Returning director Chad Stahelski loves combining neon with gloom and now has the budget to rent out space in the Louvre. Of the 14 action sequences — yes, 14 — a few are truly mind-blowing, like a fight in the middle of the traffic circle around the Arc de Triomphe and a drone capturing a complicated set piece in a building involving what is being called a dragon’s breath shotgun. Repeating that last bit: dragon’s breath shotgun.

If there was a bit of a slog through would-be assassins in “John Wick: Chapter 3 — Parabellum” — you know, shoot, stab, repeat — there is none here. One sequence on a set of outdoor stairs in Paris is almost riotously funny as knives and guns blast away, while the filmmakers add water and fire to a nightclub rave scene that puts clueless dancers next to axe-throwing murderers.

A shout-out to costume designer Paco Delgado, who has outfitted the baddie gunmen in light-colored three-piece suits and combat boots, and the executive baddies in fitted elegance with extravagant cravat-style ties. One of the film’s saddest parts is saying goodbye to Lance Reddick, who played Continental Hotel concierge Charon and died on the eve of the movie’s debut.

How does this all end? Actually, on something of a deflating note. Earlier in the film, Wick’s Japan-based friend Shimazu — played awesomely by Hiroyuki Sanada — had asked a question that eternally hangs over this franchise: “Have you given any thought to how this ends?”

This chapter ends in death, of course. But that’s also how it lives.



Football Fever Inspires Unusual Opera in Germany

A singer performs during a football opera in Hamburg, Germany, June 15, 2024. (Reuters)
A singer performs during a football opera in Hamburg, Germany, June 15, 2024. (Reuters)
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Football Fever Inspires Unusual Opera in Germany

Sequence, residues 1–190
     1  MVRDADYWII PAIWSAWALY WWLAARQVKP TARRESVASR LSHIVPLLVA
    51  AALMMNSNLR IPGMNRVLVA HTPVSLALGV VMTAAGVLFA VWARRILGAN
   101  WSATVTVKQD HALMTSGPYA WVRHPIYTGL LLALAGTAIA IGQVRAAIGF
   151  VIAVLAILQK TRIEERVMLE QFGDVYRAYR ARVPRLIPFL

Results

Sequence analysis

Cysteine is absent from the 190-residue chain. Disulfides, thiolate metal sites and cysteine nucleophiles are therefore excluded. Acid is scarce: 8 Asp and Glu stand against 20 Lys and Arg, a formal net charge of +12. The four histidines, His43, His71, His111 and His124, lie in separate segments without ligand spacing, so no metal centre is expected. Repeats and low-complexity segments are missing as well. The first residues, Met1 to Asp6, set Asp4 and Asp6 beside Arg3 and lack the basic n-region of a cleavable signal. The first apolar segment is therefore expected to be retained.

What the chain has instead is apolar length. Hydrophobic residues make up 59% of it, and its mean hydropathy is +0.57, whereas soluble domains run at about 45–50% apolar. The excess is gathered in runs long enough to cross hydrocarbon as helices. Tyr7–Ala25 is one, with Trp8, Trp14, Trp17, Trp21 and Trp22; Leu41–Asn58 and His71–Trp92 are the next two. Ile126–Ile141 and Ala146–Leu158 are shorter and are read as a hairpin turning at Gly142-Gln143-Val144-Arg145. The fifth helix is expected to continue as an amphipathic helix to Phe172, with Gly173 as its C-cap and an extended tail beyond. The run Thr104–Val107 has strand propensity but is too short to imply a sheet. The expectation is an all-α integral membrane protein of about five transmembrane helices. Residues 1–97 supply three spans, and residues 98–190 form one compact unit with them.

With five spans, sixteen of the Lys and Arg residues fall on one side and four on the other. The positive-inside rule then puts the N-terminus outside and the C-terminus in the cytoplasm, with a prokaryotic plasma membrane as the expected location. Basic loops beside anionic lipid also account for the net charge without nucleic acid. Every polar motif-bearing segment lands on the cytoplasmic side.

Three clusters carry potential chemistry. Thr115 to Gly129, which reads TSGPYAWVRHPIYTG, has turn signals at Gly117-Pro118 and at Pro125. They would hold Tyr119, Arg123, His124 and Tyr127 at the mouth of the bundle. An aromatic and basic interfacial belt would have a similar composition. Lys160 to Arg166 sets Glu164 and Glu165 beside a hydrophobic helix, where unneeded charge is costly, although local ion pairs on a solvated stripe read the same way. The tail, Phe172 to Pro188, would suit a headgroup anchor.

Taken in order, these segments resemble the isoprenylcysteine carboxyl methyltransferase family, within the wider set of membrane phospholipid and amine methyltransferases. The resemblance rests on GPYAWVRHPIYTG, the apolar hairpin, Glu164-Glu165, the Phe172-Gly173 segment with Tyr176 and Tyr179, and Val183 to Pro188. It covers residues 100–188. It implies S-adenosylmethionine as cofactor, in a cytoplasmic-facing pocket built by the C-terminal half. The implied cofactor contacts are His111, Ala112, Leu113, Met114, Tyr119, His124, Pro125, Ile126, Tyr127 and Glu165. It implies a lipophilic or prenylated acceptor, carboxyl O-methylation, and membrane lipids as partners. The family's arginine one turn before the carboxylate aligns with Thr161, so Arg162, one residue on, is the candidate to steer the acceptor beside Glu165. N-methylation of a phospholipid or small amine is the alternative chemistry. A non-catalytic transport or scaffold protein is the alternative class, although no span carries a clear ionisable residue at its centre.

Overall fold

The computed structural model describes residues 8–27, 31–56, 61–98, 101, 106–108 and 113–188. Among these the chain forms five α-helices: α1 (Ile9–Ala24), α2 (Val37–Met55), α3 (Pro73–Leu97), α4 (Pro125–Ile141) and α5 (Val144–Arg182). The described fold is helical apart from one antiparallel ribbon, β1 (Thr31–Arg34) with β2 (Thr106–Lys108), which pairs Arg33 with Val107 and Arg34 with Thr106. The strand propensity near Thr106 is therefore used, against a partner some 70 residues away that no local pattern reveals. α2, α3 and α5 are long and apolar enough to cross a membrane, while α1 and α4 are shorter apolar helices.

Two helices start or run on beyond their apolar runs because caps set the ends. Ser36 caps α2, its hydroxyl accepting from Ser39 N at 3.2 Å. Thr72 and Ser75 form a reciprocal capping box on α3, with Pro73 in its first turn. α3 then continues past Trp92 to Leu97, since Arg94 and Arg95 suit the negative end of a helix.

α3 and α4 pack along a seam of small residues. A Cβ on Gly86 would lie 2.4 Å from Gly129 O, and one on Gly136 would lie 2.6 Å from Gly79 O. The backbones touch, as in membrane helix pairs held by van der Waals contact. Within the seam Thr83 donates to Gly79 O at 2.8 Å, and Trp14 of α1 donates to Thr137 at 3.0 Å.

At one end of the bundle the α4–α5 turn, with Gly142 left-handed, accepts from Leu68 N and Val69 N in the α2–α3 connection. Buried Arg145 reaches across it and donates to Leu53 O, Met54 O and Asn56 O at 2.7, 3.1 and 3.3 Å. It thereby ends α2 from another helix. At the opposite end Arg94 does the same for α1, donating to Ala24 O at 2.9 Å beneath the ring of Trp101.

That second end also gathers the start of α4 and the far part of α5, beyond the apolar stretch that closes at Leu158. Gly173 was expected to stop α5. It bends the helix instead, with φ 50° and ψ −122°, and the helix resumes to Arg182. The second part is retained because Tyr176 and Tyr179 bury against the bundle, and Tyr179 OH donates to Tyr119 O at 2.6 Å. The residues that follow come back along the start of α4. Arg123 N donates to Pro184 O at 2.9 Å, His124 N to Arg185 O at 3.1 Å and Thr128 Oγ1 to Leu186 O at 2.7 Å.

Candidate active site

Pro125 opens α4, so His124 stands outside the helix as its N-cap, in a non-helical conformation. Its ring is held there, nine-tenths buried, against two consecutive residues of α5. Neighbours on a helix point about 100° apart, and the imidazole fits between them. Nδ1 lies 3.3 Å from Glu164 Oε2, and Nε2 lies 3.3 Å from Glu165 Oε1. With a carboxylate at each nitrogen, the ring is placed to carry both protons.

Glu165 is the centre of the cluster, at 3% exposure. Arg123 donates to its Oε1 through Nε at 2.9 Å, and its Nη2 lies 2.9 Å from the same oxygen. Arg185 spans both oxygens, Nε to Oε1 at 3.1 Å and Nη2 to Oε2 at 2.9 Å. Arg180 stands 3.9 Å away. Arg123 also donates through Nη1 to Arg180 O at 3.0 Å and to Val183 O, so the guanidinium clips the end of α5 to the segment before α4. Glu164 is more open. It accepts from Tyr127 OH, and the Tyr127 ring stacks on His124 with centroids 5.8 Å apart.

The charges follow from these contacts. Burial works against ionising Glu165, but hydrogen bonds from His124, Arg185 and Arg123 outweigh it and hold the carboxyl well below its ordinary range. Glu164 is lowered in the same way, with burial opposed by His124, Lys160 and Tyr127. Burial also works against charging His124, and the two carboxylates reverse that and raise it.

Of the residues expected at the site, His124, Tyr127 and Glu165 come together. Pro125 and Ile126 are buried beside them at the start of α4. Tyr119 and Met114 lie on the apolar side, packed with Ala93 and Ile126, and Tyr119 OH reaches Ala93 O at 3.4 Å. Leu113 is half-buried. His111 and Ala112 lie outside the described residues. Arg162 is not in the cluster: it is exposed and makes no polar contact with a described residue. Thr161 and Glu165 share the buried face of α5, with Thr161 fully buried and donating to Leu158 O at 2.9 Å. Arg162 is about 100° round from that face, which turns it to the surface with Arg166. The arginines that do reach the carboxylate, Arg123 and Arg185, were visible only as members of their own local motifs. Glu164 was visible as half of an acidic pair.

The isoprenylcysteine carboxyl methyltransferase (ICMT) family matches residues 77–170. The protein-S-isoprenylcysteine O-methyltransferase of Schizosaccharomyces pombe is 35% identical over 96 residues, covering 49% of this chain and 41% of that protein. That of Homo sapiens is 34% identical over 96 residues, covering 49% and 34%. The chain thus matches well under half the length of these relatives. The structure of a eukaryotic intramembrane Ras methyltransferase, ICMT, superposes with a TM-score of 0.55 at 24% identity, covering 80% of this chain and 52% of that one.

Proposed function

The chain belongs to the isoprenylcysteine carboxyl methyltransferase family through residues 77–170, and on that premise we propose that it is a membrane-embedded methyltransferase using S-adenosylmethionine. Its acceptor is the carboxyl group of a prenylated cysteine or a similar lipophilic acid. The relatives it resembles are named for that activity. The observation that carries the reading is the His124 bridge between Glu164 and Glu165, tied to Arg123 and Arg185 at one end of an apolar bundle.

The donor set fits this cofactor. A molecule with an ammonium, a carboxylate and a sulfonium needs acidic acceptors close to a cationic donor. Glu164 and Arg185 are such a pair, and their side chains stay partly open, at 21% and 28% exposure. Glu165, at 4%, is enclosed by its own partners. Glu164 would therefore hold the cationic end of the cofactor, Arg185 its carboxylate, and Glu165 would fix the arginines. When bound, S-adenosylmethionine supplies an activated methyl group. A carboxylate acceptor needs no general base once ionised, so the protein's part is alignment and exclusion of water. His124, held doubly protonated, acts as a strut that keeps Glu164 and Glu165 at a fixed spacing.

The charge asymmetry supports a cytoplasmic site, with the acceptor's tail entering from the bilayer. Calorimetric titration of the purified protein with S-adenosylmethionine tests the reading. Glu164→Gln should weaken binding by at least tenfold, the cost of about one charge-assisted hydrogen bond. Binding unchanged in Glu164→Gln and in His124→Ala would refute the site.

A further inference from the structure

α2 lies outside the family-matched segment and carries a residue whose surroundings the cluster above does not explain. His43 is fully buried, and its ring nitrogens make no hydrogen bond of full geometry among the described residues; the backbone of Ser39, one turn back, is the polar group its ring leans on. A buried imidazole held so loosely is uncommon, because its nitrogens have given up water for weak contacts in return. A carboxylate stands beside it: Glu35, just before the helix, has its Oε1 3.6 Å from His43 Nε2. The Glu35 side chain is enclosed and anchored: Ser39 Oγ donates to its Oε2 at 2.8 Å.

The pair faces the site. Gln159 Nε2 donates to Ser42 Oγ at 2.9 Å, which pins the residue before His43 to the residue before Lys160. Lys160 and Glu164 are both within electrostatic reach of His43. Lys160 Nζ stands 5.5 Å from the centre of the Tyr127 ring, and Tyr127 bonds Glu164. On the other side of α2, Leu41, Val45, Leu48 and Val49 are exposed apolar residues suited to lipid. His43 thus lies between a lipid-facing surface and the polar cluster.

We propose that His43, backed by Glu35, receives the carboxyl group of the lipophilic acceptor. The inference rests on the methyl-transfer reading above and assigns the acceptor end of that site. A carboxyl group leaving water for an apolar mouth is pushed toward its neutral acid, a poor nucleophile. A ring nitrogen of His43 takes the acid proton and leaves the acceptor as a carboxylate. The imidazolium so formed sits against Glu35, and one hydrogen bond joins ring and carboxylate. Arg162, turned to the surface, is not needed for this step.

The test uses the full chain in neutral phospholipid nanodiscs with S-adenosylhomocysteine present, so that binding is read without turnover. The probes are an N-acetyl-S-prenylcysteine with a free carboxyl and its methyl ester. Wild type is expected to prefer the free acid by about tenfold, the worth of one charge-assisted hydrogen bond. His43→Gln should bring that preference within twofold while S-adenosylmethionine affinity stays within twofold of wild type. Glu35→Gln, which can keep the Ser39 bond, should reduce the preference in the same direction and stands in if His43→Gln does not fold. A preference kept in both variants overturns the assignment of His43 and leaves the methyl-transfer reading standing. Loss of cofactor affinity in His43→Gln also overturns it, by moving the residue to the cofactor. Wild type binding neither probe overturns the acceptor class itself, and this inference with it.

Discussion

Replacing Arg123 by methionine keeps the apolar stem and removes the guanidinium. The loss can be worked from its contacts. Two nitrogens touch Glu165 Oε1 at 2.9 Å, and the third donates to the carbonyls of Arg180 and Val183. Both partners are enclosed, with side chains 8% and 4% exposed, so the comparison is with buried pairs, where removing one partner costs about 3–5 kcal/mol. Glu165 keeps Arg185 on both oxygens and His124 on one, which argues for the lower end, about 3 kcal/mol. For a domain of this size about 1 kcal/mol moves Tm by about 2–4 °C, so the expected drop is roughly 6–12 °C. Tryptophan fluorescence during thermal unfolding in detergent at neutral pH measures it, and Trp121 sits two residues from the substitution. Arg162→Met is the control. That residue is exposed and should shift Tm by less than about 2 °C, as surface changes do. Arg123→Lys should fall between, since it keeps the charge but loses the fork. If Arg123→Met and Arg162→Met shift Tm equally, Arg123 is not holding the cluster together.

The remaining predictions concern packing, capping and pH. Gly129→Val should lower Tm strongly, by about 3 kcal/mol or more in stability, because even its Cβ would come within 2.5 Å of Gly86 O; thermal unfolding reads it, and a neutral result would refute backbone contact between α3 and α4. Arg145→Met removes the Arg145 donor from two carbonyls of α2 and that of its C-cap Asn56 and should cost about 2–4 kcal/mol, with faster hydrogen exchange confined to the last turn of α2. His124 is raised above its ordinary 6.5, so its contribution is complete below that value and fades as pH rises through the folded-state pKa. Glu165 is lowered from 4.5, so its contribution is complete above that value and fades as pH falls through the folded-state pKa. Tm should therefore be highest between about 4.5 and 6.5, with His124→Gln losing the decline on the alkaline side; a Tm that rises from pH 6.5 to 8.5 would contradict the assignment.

A singer performs during a football opera in Hamburg, Germany, June 15, 2024. (Reuters)
A singer performs during a football opera in Hamburg, Germany, June 15, 2024. (Reuters)

Football fever at Euro 2024 in Germany is being felt not only inside packed stadiums, raucous bars and heaving city squares - but also in the more rarefied atmosphere of an opera house.

On the banks of the Elbe river in Hamburg, one of the tournament's host cities, a new production called the "Fussballoper" (Football Opera) is selling out to lovers of both sport and music.

The work by director Inken Rahardt recreates a football pitch and the chaotic interactions between players, referee and ball, mixing fan chants with traditional arias and pop songs.

Naturally, it lasts 90 minutes: the time of a game.

"The connection between football and opera is just perfect," Rahardt said on another busy night at the Opernloft (Opera Loft) venue in a trendy part of Germany's second-largest city.

"The hall is buzzing, people are happy, they recognize the soccer moves, connect that with the emotional music of opera and just have a great evening."

Songs range from the Champions League anthem to Giacomo Puccini's "Nessun dorma" - with plenty of participation from spectators in colorful hats and scarves.

"It's a big mix of everything, different genres," said singer Freja Sandkamm, who plays a referee and quipped that her biggest challenge was to suppress her normal opera voice and learn how to "belt" out football songs instead.

Spectators were delighted.

One lady said she was finally able to bring her football-loving partner to the opera, while others praised the imaginative albeit surreal fusion of entertainment cultures.

"I chose it for the combination really because I thought it's really a good way to attract people that maybe are not going to opera very much," said York Rudhard, 53, a pharmaceutical scientist from Hamburg.